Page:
Under the final rules, for businesses raising up to $100,000, only an internal financial statement review must be conducted and provided to the crowdfunding platform and investors. Those raising between $100,000 and $500,000 must have CPA-reviewed financial statements. And, generally, companies raising between $500,000 and $1 million must have third-party audited financial statements in order to be in compliance with the final rules. However, companies that are first-time crowdfunders raising more than $500,000 are exempt from the requirement to provide audited financial statements and, instead, can submit CPA-reviewed financials to investors and the intermediary assisting with the raise.
Expanded Pool of Investors
One of the SEC’s most pressing concerns as a government regulatory agency is the need to protect the investing public from fraudulent or exceptionally risky equity crowdfunding offers. To this end, under the exemptions available prior to Regulation CF, companies offering securities through crowdfunding platforms were not allowed to solicit the general public during a raise and could only sell securities to individuals who fell into the category of either “accredited” or “sophisticated” investors. These restrictions severely limited the pool of investors from which small companies could solicit funds. Under the final Regulation CF rules, the SEC has removed these restrictions—allowing companies to solicit investment by the general public and allowing non-accredited investors to participate in equity crowdfunding up to certain limits.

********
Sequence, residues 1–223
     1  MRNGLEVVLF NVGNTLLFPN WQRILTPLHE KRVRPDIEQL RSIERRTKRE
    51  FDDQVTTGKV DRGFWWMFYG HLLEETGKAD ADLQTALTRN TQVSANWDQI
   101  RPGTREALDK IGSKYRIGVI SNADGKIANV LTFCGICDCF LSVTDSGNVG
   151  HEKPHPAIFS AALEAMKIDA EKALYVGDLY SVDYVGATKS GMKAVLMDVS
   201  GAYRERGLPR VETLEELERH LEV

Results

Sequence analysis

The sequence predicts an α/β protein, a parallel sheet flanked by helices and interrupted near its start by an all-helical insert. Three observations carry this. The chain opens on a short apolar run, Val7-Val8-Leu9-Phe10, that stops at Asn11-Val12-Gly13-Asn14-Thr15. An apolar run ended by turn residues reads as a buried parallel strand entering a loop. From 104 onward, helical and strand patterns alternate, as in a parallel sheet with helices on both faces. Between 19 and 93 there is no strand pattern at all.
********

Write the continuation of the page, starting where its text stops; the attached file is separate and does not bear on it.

Now, an individual investor (accredited or nonaccredited) has the opportunity to invest an aggregate of up to $100,000 across all crowdfunding platforms in any given 12-month period. However, investors’ individual limits may be lower depending on their annual income or net worth. Investors with an annual income or net worth of less than $100,000 are limited to the greater of $2,000 or 5% of their annual income or net worth (whichever is less). Investors who have an annual income or net worth of more than $100,000 are permitted to invest up to 10% of either their annual income or their net worth (whichever is less). Together with the disclosure requirements, these investment limitations are meant to protect the general public from a substantial financial loss from equity crowdfunding investments that carry significant risk while still allowing small companies to access the investment potential of the general public.
New “Funding Portals”